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Flu cases show spike amid complacency about vaccines

Sarah Thackoorie, holds her five year old son Samir as Jennifer Ally, right, administers an H1N1 flu shot at the International centre in Mississauga, October 29, 2009.

J.P. Moczulski for The Globe and Mail/j.p. moczulski The Globe and Mail

Seasonal flu has reared its head early in parts of the country, and health officials warn that post-pandemic complacency about being vaccinated has the potential to make this influenza season worse than previous years.

Emergency departments at major Ontario hospitals are already inundated with patients showing influenza-like symptoms, a Montreal hospital has limited the number of visitors allowed because of the high number of flu cases, and 11 long-term care homes in Winnipeg have had outbreaks in recent weeks.

As public health officials battle H3N2, a seasonal flu that disproportionately affects the elderly, they worry that the fact that many people sailed through last year's much-hyped H1N1 pandemic virus will keep Canadians from getting a shot in the arm this year. Early signs reflect that fact: In Ontario, about 25 per cent of residents have received a flu shot, compared with 35 per cent in other seasonal flu years; and Toronto Public Health said vaccination rates are down 20 per cent compared with the two years before the pandemic.

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"There's been a certain reluctance on the part of the community-at-large to take up the vaccine this year, and I think that's most unfortunate," said Andrew Simor, head of microbiology and infectious diseases at Sunnybrook Health Sciences Centre in Toronto. "We're certainly at risk this year of having a more active and more severe outcome from our seasonal influenza." In an average year, about 5,000 deaths in Canada are associated with influenza.

Seasonal flu tends to spread from west to east, but this year, local activity appears to be increasing in parts of Alberta, Manitoba, Ontario, Quebec and Nova Scotia. While the H1N1 virus continues to circulate in small numbers, doctors say patients with seasonal flu, or H3N2, have clogged up hospitals. The Jewish General Hospital in Montreal, which has seen a large volume of influenza cases, said in a notice on Wednesday that it is limiting the number of visitors to one per patient in an attempt to prevent the spread of infection.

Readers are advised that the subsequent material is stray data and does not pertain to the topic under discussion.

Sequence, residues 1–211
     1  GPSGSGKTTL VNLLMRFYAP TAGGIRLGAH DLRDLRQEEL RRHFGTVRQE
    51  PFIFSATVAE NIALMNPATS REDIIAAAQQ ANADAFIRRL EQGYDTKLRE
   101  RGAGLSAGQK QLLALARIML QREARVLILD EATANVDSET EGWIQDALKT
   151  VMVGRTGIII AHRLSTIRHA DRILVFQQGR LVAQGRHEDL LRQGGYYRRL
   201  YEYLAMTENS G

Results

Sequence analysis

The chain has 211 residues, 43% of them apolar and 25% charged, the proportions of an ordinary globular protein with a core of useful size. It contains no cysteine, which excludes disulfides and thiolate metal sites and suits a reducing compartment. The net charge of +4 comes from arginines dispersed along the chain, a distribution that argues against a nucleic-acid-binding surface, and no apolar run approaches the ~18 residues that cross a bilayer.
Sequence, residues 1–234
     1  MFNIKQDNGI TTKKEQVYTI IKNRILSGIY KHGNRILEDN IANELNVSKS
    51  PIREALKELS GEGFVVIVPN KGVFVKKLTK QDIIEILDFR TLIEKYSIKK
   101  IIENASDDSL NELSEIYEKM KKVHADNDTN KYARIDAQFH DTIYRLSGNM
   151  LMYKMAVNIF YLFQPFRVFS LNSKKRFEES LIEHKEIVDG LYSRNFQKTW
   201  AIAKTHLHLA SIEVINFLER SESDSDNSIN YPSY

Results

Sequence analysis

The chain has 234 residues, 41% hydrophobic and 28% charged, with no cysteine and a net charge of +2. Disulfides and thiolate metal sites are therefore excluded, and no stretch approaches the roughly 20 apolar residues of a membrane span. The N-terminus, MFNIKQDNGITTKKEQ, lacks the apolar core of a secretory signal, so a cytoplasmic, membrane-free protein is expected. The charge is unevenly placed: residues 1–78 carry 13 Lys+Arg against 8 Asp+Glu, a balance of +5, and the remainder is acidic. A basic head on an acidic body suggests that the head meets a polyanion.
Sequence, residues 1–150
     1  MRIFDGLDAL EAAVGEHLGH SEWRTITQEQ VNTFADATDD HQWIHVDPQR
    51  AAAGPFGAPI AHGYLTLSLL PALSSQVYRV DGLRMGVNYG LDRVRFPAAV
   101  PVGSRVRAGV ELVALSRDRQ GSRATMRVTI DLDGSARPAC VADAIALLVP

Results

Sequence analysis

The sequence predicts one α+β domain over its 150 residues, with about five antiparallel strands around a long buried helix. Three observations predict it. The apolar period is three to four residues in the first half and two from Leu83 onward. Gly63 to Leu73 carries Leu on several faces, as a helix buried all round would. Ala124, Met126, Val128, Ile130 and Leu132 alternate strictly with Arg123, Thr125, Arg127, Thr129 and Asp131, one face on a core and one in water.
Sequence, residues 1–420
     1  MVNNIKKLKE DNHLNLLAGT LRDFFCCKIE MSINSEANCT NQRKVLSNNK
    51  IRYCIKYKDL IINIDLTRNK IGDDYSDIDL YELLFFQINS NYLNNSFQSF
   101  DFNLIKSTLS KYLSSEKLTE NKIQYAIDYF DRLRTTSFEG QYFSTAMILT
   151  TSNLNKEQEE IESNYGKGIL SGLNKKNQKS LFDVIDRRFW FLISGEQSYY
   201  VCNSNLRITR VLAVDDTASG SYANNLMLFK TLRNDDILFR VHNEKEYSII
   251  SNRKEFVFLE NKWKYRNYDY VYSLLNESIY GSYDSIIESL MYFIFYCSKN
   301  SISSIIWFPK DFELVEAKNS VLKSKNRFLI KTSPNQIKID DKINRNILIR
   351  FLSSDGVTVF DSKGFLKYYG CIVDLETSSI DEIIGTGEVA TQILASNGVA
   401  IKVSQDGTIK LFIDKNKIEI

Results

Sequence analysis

Health experts are hopeful that as more outbreaks surface and Canadians realize just how severe the flu can be, they will get the vaccine, especially the elderly, young children and pregnant women. The flu shot this year protects against H3N2 as well as H1N1.

Bunmi Fatoye, medical lead of communicable diseases at Manitoba Health, said the vaccination uptake is slightly lower in her province compared with other years. "There's always multiple factors that feed into why people decide to receive the vaccine or not," Dr. Fatoye said. "But I think the key message here is that we know that the vaccine is protective [and]it is effective, especially if the strain matches the strain in circulation."

But some say that mixed messages about the H1N1 vaccine may have turned people off the flu shot. Confusion reigned about who should be first to get the pandemic vaccine, and questions were raised about its safety. Public health officials failed to communicate the risks of the pandemic and the safety of the adjuvant (an ingredient added to boost a vaccine) effectively. In the end, less than half – 41 per cent of the adult population – received the vaccine. Although more than 400 people died and thousands more were hospitalized, the H1N1 pandemic was not as bad as predicted.

Allison McGeer, director of infection control at Toronto's Mount Sinai Hospital, said many people are just "flu-ed out" or say they don't have time to get another vaccine.

As a result, she said, "this is going to be a busier year than we've had for about a decade, 15 years maybe."

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Education Reporter

Caroline Alphonso is an education reporter for The Globe and Mail. More

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